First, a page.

Can Discs Heal?

At Halo Clinic, when we work with patients that have disc injuries the one question that presses on peoples minds is will I get better?  Will my disc herniation heal? Because of the intensity of the pain, the severity of its interference in their life and the loss of sleep from disc injuries, people want some hope.

Disc herniations

Can Disc Herniations heal?

The simple answer is:


*(This is not the kind of healing we had when as a child we had a scratch and mom put a bandaid on the scrape, blew a kiss over the scratch and we went back to playing)

Often when diagnosing a patient with a Herniated Disc, specialized tests, such as X-rays, or MRIs are used. You are not your MRI, and you are not your X-ray. These specialized tests are akin to a specialized photo, and while they help to diagnose your problem, they are not a complete representation of your health. Have you ever had a bad picture taken?

That is why the chiropractors at Halo Clinic in Calgary often look at a complete picture, including your pain, your diagnostic testing, diagnostic imaging and your quality of life.

When we work with patients recovering from disc herniations we want to know how each aspect of your life is, and not just if you feel pain? How is your;

  • Sleep?
  • Work?
  • Sports?
  • Hobbies?
  • Family Time?
  • Relationship?
  • Sex Life?

When we work with disc patients, we see better results when patients are actively involved. Active participation means doing the things that are necessary to promote healing, such as exercises and following through with your treatment plan. Active participation also means actively avoiding those things that will limit your healing.

Are you worried that you are dealing with a herniated disc? The best thing to do is to seek help early. We always start with a consultation. If we are not the best people to help you with your health challenge, we will let you know who that is, because we want your disc herniation to heal.

Life should not hurt.

Preventing Disc Herniations

Preventing Disc herniations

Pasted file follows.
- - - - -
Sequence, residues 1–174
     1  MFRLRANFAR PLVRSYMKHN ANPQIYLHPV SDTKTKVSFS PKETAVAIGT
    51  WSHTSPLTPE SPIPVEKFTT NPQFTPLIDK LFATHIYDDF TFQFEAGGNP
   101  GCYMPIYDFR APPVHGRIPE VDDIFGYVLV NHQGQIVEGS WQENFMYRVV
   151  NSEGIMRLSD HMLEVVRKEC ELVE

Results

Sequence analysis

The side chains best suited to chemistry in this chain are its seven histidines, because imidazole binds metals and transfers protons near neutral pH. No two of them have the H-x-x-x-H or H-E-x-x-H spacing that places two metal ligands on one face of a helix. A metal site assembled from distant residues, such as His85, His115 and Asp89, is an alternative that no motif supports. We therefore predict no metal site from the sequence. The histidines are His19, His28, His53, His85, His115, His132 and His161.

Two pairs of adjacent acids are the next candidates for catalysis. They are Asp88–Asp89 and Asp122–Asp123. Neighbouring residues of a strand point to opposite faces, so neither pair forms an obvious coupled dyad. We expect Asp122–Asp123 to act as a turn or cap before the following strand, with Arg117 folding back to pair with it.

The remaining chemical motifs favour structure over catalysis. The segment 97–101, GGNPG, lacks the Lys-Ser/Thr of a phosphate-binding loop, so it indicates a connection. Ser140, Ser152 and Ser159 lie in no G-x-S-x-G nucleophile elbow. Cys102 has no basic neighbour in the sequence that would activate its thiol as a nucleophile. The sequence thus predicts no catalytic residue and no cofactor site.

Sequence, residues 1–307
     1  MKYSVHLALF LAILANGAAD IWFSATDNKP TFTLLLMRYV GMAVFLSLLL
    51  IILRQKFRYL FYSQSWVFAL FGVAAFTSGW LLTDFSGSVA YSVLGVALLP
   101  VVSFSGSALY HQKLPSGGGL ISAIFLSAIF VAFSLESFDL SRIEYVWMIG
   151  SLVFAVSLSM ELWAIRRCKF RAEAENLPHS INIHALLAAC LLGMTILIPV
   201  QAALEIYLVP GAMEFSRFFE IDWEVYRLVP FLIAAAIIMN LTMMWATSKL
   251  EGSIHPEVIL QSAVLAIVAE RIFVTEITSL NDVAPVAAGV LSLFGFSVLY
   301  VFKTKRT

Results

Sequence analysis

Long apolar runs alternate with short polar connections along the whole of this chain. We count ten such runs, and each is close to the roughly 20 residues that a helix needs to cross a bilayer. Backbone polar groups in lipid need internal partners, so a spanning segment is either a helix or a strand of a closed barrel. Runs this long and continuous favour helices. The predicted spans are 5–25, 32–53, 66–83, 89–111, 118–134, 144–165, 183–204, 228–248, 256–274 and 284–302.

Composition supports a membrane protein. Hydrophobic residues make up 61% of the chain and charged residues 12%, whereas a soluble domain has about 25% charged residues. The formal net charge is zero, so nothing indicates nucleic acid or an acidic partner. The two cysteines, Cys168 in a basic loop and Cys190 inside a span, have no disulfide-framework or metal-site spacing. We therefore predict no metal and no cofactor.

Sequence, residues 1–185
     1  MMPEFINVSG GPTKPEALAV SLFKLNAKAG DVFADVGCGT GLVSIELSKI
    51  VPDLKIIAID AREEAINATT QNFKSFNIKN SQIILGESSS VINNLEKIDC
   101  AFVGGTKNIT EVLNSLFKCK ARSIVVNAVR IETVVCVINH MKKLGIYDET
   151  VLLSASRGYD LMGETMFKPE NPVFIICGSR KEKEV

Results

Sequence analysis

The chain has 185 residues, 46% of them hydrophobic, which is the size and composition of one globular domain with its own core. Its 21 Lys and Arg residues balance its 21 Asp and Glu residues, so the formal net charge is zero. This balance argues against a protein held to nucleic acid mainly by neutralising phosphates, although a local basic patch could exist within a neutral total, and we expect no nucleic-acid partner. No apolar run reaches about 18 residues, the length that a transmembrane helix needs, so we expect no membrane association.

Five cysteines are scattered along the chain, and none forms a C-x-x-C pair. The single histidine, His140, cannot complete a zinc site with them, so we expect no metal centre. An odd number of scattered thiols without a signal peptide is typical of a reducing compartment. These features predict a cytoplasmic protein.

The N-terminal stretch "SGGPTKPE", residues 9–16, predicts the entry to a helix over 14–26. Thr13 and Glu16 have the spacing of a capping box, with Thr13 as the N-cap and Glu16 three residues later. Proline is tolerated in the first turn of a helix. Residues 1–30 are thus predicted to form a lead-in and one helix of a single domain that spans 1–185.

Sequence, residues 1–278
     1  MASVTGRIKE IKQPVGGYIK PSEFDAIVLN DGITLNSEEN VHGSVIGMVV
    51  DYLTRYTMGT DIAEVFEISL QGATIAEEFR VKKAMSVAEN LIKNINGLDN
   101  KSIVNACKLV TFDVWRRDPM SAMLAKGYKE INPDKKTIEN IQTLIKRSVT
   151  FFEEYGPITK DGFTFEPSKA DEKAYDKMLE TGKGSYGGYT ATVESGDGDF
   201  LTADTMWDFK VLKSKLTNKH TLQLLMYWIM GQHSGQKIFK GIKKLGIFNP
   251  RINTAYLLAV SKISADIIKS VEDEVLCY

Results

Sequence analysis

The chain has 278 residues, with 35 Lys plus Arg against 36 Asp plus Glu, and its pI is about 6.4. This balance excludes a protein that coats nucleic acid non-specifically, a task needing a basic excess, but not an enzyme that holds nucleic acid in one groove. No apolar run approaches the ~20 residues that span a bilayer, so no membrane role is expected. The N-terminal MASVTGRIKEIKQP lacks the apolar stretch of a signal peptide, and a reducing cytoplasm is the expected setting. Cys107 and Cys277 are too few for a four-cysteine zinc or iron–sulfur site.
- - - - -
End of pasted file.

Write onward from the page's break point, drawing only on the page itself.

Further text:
What can I do to prevent disc herniations? like all serious health problems, have modifiable risk factors. With all injuries, we like simple explanations; however, with consideration, there is a multitude of reasons why things happen.

Disc Injuries happen when too much force exerts on a disc. (Full Stop).

These injuries can happen to almost anyone.

However, some things may considered to lower your risk for disc injury.

Strengthen your core muscles with a focus on your abdominal muscles. The ultimate goal of any core stabilizing activity is to control the movement so that the proper muscles are targeted. The penultimate (almost or next to the ultimate) goal is to complete the repetitions. Clinically we see the majority of our patients have faulty movement patterns when it comes to core stability. This simple fix alone alleviates many back pain problems for patients, with the additional benefit of decreased risk of disc herniation.

To decrease the risk of cervical spine herniation, ergonomics and proper position are essential. A growing trend amongst those who suffer from cervical disc herniation is that these people work on a computer or in a head forward or head down position.

Lift properly and lift loads that are closer to your body.

Avoid stress, which has an association with body tension and risk for disc herniation.

Stay active and keep your weight in a healthy range. Increased weight will increase your risk for disc herniation.

If you have back pain, whether it is associated with neurological pain, seeking an assessment and an active management plan will help to prevent disc herniations.

We are here for you 100%.

What are Disc Herniations

“Why is my back so sore?”

“Why is my neck so sore?”

While there are many reasons that people have back or neck pain, in this article we want to talk about Disc Herniations.

Intervertebral discs exist in the space between our spinal bones (called vertebrae). They have two components. An outer thicker layer called an Annulus Fibrosis contains a softer middle substance called the Nucleus Pulposus. A Herniation occurs when the integrity of the Annulus Fibrosis damages to the point that the Nucleus Pulposis either bulges the disc or completely pushes through the Annulus Fibrosis, thus extruding disc material.

When the disc herniates or bulges, there is potential for damage to the sensitive structures adjacent to the disc. These include the spinal cord and or spinal nerve roots. Herniations cause problems such as sciatica, and radicular (means radiating) pain. The seriousness of these injuries depends on location and neurological involvement.

Disc herniations represent a common cause of back and neck pain. The highest prevalence of lumbar (low back) disc herniation occurs in 30 to 50-year-olds with males having double the frequency of females.

Magnetic Resolution Images (MRI) used to evaluate disc herniations show that many asymptomatic people have features that support they have herniated discs, “slipped” or bulging discs.

The research shows that herniations are serious and should be evaluated and managed by competent, trained professionals, such as a Chiropractor.

Disc Herniations respond well to conservative care. Conservative care often limits the needs for surgery. There is little evidence to support that disc herniations respond to treatment with pharmaceuticals.

In the clinic, we see many patients who have neck or back pain, where herniation is a component of their pain.